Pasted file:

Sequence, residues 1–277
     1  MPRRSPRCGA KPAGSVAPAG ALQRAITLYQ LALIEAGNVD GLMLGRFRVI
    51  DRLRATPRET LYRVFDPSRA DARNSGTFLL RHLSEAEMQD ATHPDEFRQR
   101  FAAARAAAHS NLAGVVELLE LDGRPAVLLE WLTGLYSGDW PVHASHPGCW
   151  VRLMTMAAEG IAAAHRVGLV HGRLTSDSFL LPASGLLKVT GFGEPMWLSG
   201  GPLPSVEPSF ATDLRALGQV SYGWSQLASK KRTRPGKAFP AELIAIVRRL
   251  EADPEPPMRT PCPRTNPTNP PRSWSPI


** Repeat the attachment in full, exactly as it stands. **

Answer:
Sequence, residues 1–277
     1  MPRRSPRCGA KPAGSVAPAG ALQRAITLYQ LALIEAGNVD GLMLGRFRVI
    51  DRLRATPRET LYRVFDPSRA DARNSGTFLL RHLSEAEMQD ATHPDEFRQR
   101  FAAARAAAHS NLAGVVELLE LDGRPAVLLE WLTGLYSGDW PVHASHPGCW
   151  VRLMTMAAEG IAAAHRVGLV HGRLTSDSFL LPASGLLKVT GFGEPMWLSG
   201  GPLPSVEPSF ATDLRALGQV SYGWSQLASK KRTRPGKAFP AELIAIVRRL
   251  EADPEPPMRT PCPRTNPTNP PRSWSPI